Knowing he has a very analytical brain, it made sense that Eathan Janney would aim for a career in science. He enrolled at Lake Forest College, not far from his home in Chicago, with his eye on a career in physics. But Janney always had a strong interest in music. Late at night, he could often be found playing piano in the school’s practice rooms. Barely a semester went by before he decided to pursue a music degree. He transferred to Mason Gross School of the Arts at Rutgers University, where he earned a degree in jazz piano performance.
“My goal was to be a professional jazz pianist,” he said.
Life’s plans rarely go according to schedule, as Janney learned. These days, he is still involved in music, but only occasionally as a performer. Janney manages a global piano tuning business while living in Peru. He left for South America in September 2015, just after a six-year stint working on his Ph.D. in biology with an international team of researchers from the City University of New York – where he earned his doctorate – New Jersey Institute of Technology, the Freie Universität Berlin and Macquarie University in Australia.
Janney was the lead author on a paper, published in Royal Society Open Science, examining the song of Australia’s pied butcherbirds, one of the world’s most musical birds, and how much their songs have in common with music created by humans. The paper is unusual because it relies on input not only from musicians but from biologists, neuroscientists and engineers as well.
“My musical background was an asset as opposed to a liability in the world of science,” he said.
The group recorded the various sounds that the birds made and deconstructed them, finding that the birds have complex phrases comprised of motifs that they often use again and again. Similar to jazz musicians, the pied butcherbirds play around with their tunes, balancing repetition and variation.
“Once we found these motifs, we were curious how they were distributed,” he said. “We grasped the songs visually using color maps. You can see a sense of uniformity. It’s actually very beautiful to look at.”
While at Rutgers, Janney learned piano tuning from the full-time piano technician at Mason Gross and found he had a real knack for it.
“It’s pretty difficult making a living as a musician,” he said. “Piano tuning was interesting and it was a good way to make an income while also using the analytical/science/math side of my brain that I had been craving. My brain has both – a creative, open-minded, abstract side and also a very rational side. Piano tuning was a nice mix of both.”After graduating from Mason Gross in 2002, Janney started a piano tuning business and played gigs with jazz groups around New Brunswick. But just as he was once tugged back into music, he now felt the urge to study science again. He moved back to the Midwest and began self-study while also attending neuroscience lectures at the University of Chicago. He took pages and pages of notes, and although he often didn’t understand what he wrote, he was determined to learn. In 2009, he moved to New York City with a goal to study neuroscience but an unclear idea of how that would happen. One day, he met with a piano technician who tuned at New York University to discuss business. To his surprise, this tuner’s wife was a neuroscientist who studied birds at CUNY.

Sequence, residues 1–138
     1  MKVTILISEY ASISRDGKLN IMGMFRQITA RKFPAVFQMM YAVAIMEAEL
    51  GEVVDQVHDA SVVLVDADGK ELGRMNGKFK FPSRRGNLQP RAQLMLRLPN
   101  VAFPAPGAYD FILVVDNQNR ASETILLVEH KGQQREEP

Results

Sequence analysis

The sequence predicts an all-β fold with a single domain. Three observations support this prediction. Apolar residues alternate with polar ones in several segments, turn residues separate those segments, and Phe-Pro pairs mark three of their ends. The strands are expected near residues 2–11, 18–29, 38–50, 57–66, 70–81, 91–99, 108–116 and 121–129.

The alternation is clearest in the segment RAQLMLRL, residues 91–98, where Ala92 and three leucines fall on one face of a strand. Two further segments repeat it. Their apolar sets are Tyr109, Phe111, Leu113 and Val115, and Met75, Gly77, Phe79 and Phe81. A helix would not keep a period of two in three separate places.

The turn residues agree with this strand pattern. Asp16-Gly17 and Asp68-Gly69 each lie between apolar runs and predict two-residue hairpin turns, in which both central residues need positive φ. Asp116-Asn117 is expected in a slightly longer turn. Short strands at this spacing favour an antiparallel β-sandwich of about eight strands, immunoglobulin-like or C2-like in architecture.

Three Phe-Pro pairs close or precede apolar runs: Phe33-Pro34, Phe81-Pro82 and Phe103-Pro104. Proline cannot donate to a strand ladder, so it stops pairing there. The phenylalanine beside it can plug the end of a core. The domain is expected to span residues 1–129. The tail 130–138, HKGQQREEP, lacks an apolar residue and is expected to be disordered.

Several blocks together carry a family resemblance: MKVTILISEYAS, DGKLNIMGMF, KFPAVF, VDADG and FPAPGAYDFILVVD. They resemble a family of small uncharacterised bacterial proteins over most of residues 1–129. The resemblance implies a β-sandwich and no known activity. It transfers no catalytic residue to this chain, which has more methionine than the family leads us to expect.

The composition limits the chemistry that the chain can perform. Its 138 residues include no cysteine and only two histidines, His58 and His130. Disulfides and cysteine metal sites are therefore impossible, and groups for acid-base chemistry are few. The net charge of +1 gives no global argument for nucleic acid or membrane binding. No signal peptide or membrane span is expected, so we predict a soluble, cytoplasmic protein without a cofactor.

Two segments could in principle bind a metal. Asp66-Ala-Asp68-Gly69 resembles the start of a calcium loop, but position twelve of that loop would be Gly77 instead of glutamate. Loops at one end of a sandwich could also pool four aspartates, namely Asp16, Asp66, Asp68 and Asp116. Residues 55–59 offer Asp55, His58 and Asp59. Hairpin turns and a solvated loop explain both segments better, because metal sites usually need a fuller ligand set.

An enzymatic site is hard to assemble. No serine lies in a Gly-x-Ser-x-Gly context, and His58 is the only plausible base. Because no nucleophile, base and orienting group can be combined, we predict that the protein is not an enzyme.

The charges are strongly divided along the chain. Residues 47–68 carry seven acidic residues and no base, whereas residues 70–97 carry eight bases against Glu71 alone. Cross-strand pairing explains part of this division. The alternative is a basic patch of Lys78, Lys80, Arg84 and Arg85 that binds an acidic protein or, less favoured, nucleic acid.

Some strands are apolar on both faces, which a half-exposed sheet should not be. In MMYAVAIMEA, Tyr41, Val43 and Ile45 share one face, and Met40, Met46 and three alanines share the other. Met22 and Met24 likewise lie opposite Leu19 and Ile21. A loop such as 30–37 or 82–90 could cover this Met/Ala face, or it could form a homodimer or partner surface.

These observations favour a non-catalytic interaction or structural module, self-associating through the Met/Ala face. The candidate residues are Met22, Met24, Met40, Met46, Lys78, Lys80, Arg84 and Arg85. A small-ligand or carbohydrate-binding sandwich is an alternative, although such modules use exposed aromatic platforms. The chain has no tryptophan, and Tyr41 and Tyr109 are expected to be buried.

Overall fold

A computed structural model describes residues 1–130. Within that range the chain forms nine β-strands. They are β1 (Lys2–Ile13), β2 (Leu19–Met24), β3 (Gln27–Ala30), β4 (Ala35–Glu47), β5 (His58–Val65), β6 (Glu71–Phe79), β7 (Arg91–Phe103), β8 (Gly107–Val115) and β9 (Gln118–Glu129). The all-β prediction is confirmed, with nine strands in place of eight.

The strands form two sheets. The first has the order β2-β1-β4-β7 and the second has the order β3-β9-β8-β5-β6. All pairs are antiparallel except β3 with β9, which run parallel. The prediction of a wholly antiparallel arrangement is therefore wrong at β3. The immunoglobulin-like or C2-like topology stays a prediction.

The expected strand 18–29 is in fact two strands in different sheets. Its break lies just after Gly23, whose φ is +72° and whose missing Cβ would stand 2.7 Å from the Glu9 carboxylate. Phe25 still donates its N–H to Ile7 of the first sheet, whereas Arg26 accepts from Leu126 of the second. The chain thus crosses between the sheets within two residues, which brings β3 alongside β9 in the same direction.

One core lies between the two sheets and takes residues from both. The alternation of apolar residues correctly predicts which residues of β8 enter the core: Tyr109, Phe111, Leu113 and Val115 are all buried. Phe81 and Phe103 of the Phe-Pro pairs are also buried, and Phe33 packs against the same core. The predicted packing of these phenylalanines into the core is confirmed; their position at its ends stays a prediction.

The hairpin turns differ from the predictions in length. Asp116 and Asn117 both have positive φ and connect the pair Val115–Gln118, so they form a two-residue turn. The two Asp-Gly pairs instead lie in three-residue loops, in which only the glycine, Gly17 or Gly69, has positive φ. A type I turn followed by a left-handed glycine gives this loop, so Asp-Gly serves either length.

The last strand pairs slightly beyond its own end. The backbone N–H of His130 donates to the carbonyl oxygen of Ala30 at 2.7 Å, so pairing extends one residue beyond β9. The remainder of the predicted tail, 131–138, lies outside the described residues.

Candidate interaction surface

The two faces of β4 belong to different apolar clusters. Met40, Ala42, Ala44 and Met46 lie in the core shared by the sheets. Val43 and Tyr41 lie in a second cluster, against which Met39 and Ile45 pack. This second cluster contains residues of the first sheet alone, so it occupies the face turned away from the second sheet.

“I met with her and offered to do volunteer work, even cleaning bird cages,” he said.
So Janney began working in the bird lab.
“They noticed I was very serious, enthusiastic and sharp,” he said. “They mentored me and helped me make the transition from music back into science. The study we developed was very exciting for everyone involved.”
All the while, Janney, 36, has continued running his business, which he calls the Floating Piano Factory. He currently supervises five apprentice technicians (three in NY and two in Hong Kong) that he hired and trains through Skype. He believes his unique business model is beneficial from several angles. Customers get a reduced rate for using an apprentice, and that apprentices get paid while gaining experience.
These apprentices work for Floating Piano Factory in New York and Hong Kong while Janney manages the business from Peru. He moved to South America in the fall of 2015 with his wife, Christine Mladic, whose research for her own Ph.D. required her to spend a year there.
“I always wanted to live in a foreign country and learn the language through immersion,” he said. “It’s not easy running a business from abroad but it’s an interesting challenge to take on.”
Although money is often tight, Janney doesn’t charge his customers in Peru. He considers it a gesture of goodwill. The way he sees it, they are not the only ones getting something out of the transaction.
“I meet people and find common interests,” he said. “I learn about their culture, their families and the history of their piano. It’s an opportunity to get value out of the interaction besides money. The people I’ve met and the experiences I’ve had were very valuable. It’s hard to experience that same value if it were a business-focused transaction.”
At the end of 2016, Janney and his wife plan to move back to New York. But for now, they are enjoying their adventure in the Land of the Incas.
“It’s beautiful here every day,” he said. “There is so much nature to experience.”